cybersecurity | KERA News

cybersecurity

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A malware attack earlier this summer caused disruption around the world. June's WannaCry cyber assault locked down hospitals, government offices and major corporations and held their data hostage for cash.

Worried about Internet companies snooping on your online browsing? You might turn to something called a virtual private network to protect your privacy. But researchers say these networks can themselves be insecure.

Earlier this year, the federal government rolled back rules that would have prevented Internet service providers from tracking your activity online.

In the neonatal intensive care unit of Cook Children's Hospital in Fort Worth, Texas, a father is rocking a baby attached to a heart monitor. While doctors roam the halls trying to prevent infections, Chief Information Officer Theresa Meadows is worried about another kind of virus.

"The last thing anybody wants to happen in their organization is have all their heart monitors disabled or all of their IV pumps that provide medication to a patient disabled," Meadows says.

What You Need To Know About Ransomware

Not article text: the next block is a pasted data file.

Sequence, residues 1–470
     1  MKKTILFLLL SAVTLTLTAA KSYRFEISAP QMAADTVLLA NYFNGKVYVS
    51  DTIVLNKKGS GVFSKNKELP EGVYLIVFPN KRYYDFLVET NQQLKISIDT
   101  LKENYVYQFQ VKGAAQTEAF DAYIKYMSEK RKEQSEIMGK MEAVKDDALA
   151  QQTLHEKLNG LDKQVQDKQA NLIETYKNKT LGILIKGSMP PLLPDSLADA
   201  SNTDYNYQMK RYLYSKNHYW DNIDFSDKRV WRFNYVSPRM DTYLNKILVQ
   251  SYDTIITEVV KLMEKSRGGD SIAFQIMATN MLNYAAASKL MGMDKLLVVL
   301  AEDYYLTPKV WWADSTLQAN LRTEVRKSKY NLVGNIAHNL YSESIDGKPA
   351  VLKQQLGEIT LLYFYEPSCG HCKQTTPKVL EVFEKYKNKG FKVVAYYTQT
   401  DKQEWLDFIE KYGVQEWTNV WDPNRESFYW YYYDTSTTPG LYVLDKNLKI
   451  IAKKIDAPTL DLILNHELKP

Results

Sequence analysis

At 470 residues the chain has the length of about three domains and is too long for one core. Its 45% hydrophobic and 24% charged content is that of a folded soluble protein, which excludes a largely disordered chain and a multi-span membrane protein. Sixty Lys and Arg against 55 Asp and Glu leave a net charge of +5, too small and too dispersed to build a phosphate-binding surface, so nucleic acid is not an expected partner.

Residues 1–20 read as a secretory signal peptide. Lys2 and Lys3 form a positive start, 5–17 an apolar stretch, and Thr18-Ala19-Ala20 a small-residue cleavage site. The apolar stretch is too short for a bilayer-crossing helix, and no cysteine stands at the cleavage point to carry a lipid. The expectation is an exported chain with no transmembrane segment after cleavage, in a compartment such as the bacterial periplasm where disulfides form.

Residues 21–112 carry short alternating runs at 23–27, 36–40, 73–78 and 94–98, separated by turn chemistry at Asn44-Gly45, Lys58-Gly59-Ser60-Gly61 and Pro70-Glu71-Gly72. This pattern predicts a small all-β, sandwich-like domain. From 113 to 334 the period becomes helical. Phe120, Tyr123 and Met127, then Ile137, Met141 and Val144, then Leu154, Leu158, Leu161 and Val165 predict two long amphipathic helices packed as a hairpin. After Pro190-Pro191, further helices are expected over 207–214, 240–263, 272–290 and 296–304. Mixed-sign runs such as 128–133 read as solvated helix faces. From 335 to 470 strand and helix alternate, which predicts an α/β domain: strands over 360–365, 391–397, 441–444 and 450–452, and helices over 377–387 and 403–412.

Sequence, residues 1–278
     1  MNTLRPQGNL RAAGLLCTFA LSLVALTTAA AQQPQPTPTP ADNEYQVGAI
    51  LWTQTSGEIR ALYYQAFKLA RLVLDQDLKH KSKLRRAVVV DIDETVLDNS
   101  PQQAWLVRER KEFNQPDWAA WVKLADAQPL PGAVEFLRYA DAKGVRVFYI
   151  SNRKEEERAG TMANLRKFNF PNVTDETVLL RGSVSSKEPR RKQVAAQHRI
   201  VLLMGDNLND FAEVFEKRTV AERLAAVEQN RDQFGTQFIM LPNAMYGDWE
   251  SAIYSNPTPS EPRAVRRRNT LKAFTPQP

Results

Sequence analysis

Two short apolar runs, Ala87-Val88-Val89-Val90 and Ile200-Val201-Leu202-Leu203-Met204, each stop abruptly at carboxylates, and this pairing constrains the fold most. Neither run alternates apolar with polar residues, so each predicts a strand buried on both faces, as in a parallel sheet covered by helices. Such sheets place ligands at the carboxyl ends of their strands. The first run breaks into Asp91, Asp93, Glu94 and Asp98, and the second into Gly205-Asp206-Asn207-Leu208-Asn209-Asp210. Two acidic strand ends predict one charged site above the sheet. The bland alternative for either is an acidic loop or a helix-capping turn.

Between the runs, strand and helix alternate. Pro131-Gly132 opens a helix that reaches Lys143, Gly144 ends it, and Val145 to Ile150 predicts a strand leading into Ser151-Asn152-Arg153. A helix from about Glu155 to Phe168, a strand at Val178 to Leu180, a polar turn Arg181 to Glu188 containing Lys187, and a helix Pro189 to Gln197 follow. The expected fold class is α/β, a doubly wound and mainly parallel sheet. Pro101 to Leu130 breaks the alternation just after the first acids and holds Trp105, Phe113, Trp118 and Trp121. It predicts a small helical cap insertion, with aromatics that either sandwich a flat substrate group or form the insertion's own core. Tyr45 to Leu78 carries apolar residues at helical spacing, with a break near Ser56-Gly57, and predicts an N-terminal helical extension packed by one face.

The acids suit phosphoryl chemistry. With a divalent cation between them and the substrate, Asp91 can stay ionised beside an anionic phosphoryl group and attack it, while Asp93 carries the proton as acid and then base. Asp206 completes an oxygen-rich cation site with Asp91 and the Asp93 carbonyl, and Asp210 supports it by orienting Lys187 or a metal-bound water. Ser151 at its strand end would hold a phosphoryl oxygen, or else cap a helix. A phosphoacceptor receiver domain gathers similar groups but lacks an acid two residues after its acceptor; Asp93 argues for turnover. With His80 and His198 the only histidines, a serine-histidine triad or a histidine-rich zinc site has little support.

Jun 29, 2016
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Cybercriminals used to steal credit card numbers and sell them to other criminals to manufacture fake cards. Now they steal data and hold it ransom. Yesterday on Think, Lauren Silverman talked with Josephine Wolff, an assistant professor at the Rochester Institute of Technology, about this shifting business model in cybercrime.   

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As our devices get smarter, they also are at risk of more sophisticated cyber security attacks.

Yes, that car connected to the internet makes tracking trips and monitoring teen drivers easier, but it also means killing the motor with a few keystrokes is no longer science fiction.

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Last week, cyber attackers took on targets ranging from the White House to the town of Cleburne in North Texas.

Jay Mallin

A $7.75 million gift from Darwin Deason will launch the Darwin Deason Institute for Cyber Security and support the Deason Innovation Gym in Southern Methodist University’s Lyle School of Engineering.

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So who’s on healthcare.gov? Turns out it’s not just people searching for health care. The site is also attracting hackers — a Department of Homeland Security official told lawmakers there’s been “a handful” of attempts so far. National cyber security expert Fred Chang, who’s now a professor at SMU in Dallas, has been called to examine concerns about lack of privacy of users of the website.

Help Wanted: Hackers

May 8, 2013
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The Obama administration this week accused China’s military of mounting attacks on American government computer systems and defense contractors. Commentator Rena Pederson says it’s just one example of a growing problem – one that could be at least partly addressed in the classroom.